Technology feeds this part of me. Knowing that things are essentially instantaneous, I expect people to instantly begin doing whatever it is I have asked them to do. When they don’t, or they take much longer about it than me, I presume they are dragging their feet. Interestingly, I had cause to use some professionals who required things from me by snail mail (yes, I know, how quaint!) But the very use of standard post meant that I was much more relaxed about the time it took them to do the work. I knew it would take a few days to receive the goods, they would take a set amount of time to do the work and then it would take a while to get stuff back to me. That I had no frame of reference for what the job entailed also helped. But I was much gentler about my self-determined and entirely uncommunicated time frames that I believe are self-evident and incontrovertible.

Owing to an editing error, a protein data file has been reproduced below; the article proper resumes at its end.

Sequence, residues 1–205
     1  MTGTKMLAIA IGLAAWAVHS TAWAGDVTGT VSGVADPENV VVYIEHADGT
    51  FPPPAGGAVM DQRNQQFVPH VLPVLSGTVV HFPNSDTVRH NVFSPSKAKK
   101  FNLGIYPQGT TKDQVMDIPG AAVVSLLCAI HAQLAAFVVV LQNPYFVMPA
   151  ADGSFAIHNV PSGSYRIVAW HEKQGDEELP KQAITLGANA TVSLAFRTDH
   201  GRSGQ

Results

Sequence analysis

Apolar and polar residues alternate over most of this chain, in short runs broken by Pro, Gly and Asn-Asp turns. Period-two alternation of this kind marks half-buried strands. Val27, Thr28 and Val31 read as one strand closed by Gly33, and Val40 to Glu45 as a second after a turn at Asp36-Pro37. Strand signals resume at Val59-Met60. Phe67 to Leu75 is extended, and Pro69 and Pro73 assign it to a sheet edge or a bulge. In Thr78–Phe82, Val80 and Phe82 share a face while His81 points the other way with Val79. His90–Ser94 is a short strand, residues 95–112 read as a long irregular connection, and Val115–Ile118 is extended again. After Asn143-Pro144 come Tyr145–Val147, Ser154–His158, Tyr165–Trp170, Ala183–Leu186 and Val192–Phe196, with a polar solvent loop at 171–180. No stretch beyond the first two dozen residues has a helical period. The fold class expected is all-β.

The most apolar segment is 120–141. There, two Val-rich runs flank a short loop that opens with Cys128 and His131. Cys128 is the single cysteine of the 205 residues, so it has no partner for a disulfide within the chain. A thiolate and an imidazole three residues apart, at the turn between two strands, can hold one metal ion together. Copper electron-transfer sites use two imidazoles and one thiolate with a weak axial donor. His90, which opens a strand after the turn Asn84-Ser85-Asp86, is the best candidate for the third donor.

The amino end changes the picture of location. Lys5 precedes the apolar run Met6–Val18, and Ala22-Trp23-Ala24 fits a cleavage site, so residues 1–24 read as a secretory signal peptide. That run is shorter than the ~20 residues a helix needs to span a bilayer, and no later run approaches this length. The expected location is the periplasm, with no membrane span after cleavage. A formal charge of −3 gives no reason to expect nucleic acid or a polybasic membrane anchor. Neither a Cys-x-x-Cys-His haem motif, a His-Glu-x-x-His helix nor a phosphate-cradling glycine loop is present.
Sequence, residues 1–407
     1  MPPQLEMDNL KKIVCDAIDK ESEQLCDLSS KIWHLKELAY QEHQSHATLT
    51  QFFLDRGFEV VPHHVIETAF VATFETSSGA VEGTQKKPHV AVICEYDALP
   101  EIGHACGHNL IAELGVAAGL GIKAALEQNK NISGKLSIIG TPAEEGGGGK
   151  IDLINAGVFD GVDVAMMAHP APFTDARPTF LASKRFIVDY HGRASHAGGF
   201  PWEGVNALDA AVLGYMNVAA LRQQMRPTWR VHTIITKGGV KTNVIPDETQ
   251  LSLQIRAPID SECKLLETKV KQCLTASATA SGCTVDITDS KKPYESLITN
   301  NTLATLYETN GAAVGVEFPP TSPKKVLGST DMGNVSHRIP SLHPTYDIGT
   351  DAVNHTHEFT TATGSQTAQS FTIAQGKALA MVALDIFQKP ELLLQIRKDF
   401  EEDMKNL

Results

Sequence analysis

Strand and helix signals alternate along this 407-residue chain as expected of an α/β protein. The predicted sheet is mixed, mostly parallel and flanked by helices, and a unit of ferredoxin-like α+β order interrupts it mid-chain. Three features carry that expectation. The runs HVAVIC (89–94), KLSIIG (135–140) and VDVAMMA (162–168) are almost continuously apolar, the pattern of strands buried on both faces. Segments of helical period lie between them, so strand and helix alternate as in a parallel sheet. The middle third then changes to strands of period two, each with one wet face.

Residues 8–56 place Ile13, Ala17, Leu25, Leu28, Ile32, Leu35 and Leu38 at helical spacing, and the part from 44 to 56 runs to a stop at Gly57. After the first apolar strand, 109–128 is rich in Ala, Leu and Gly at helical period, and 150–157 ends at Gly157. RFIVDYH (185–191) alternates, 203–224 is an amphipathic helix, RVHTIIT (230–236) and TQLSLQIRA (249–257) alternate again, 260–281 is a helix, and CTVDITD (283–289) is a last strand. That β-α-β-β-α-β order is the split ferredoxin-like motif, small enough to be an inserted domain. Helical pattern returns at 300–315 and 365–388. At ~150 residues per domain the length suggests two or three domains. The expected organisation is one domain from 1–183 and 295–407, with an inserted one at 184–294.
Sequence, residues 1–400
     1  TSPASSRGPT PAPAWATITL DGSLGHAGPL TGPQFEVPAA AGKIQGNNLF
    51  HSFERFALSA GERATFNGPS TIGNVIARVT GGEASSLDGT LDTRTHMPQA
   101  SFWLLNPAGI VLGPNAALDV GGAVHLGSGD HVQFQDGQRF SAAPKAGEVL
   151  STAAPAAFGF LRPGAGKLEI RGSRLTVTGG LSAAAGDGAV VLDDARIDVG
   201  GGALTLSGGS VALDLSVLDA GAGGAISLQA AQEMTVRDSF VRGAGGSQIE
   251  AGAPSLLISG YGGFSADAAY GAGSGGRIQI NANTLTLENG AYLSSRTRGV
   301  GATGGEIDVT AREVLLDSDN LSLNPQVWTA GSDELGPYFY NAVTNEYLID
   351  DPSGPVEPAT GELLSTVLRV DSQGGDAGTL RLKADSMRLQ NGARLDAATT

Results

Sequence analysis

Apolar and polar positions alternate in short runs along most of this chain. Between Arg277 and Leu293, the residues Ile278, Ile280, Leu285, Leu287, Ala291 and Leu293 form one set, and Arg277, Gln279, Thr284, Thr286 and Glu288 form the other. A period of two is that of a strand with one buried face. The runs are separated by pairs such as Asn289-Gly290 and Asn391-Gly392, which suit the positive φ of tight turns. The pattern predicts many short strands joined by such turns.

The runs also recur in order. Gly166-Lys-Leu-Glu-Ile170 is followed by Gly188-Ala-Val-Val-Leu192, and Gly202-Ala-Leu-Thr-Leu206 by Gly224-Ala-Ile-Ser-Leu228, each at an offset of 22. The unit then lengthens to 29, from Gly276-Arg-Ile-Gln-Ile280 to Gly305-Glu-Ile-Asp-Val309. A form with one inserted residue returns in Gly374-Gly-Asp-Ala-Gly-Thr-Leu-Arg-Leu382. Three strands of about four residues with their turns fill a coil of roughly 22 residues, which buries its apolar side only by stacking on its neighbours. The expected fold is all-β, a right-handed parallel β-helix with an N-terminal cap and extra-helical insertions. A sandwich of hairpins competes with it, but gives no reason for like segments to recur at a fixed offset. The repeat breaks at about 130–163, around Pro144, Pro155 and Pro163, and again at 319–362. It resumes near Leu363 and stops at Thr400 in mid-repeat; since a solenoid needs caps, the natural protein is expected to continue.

That is my incredibly long-winded introduction to my astoundingly simple point. My children came out of Sunday School having been taught about waiting. Specifically, they were taught about Abraham waiting on God to deliver on the promise of a son. It was an even longer wait for him regarding the ‘promised seed’, who took another two millennia to come. Having come and established the new covenant, we are a further two millennia on and he hasn’t yet returned to take the true Israel to glory. For impatient folk like me, this may seem interminable.

But here is how Peter puts it: